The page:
U.S. producer prices recorded another record increase in August, according to government data released on Friday, as the world’s largest economy grapples with high material costs as part of its recovery from the crisis. Covid-19.

The producer price index (PPI) jumped 8.3% from August 2020, unadjusted for seasonal variations, the largest increase since the first data collection in November 2010, according to the report from the Department of Job.

Excluding volatile food, energy and commercial services, the unadjusted PPI increased 6.3% year-on-year, also a record jump since the calculation was first made in August 2014.

Wholesale price hikes were the latest signs that rising demand along with supply and labor shortages were fueling US inflation.

“Inflation continues to be impacted by the effects of the pandemic, including strong demand and supply constraints,” said Rubeela Farooqi of High Frequency Economics.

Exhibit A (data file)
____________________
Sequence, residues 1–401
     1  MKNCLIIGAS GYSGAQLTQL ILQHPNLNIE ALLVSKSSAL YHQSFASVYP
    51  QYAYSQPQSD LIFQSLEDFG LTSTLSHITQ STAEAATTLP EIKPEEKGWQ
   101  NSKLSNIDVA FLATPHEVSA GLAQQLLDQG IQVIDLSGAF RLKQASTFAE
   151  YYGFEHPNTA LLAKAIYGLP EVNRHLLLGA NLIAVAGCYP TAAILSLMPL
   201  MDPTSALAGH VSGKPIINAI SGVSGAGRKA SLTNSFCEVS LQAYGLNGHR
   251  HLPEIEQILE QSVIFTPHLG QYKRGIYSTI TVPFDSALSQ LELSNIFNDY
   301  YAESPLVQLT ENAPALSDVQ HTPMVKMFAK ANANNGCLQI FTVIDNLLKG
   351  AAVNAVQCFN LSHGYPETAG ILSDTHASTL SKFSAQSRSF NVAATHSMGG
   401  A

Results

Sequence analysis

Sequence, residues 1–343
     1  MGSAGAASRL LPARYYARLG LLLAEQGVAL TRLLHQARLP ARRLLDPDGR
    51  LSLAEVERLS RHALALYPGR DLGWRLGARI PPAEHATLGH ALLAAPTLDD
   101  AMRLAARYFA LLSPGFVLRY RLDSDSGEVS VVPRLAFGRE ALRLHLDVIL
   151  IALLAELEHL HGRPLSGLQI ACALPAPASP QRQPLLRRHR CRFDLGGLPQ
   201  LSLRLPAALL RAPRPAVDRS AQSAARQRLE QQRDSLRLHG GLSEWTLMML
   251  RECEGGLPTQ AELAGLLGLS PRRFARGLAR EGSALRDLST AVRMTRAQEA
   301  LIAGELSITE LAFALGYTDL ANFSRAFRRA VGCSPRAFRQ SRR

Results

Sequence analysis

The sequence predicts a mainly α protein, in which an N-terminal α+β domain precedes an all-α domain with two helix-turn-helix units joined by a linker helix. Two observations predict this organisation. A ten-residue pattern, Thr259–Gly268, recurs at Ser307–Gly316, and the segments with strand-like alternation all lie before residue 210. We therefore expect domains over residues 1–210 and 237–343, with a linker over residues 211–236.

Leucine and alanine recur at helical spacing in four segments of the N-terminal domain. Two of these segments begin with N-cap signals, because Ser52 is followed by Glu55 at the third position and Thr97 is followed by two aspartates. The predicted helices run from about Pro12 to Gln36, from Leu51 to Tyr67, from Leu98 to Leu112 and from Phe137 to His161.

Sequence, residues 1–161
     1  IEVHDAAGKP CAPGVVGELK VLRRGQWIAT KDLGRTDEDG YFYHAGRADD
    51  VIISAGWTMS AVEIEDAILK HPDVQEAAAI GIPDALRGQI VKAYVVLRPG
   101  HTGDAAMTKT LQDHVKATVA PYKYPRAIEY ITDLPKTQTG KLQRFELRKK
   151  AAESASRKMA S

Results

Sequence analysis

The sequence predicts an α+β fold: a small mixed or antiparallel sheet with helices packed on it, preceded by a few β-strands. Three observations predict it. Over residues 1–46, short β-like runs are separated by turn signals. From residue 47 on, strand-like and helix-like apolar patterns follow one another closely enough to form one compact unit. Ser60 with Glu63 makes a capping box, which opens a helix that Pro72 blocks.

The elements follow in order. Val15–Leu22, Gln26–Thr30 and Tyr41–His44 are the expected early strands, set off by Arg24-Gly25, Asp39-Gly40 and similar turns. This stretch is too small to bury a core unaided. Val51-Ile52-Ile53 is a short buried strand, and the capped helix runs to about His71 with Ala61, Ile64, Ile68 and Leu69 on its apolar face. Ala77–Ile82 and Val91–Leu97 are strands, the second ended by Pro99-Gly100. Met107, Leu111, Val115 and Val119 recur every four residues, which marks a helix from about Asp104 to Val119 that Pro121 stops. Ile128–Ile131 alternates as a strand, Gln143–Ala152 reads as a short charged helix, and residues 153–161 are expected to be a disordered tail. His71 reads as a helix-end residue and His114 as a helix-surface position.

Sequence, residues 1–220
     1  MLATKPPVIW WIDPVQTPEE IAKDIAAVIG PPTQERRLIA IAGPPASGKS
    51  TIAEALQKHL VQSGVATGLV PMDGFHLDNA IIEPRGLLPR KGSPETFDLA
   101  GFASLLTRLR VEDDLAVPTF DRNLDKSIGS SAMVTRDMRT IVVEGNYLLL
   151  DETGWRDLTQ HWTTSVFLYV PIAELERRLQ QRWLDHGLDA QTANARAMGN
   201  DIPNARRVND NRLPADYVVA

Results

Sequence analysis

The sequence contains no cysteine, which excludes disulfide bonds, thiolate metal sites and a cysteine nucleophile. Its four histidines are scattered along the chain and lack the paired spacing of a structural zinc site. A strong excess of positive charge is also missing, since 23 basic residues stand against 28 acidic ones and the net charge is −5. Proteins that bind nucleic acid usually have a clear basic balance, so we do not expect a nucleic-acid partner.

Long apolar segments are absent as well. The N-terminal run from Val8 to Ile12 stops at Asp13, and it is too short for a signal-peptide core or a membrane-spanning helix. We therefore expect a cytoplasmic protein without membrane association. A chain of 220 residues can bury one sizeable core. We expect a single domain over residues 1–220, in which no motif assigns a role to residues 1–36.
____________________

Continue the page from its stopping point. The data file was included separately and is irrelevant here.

“The impact on demand will likely fade over the next few months, but supply chains are at risk if they continue to be disrupted by virus outbreaks.

“Compared with July, the PPI rose 0.7%, slightly more than expected. This was largely due to a 0.7% increase in services, while the goods index rose 1%, the data showed. price increases may subside.

The month-over-month increase was lower than the 1% increase seen in data for July.

And excluding food, energy and commercial services, prices rose 0.3% last month from July, a sharp slowdown from the 0.9% increase seen the month before.


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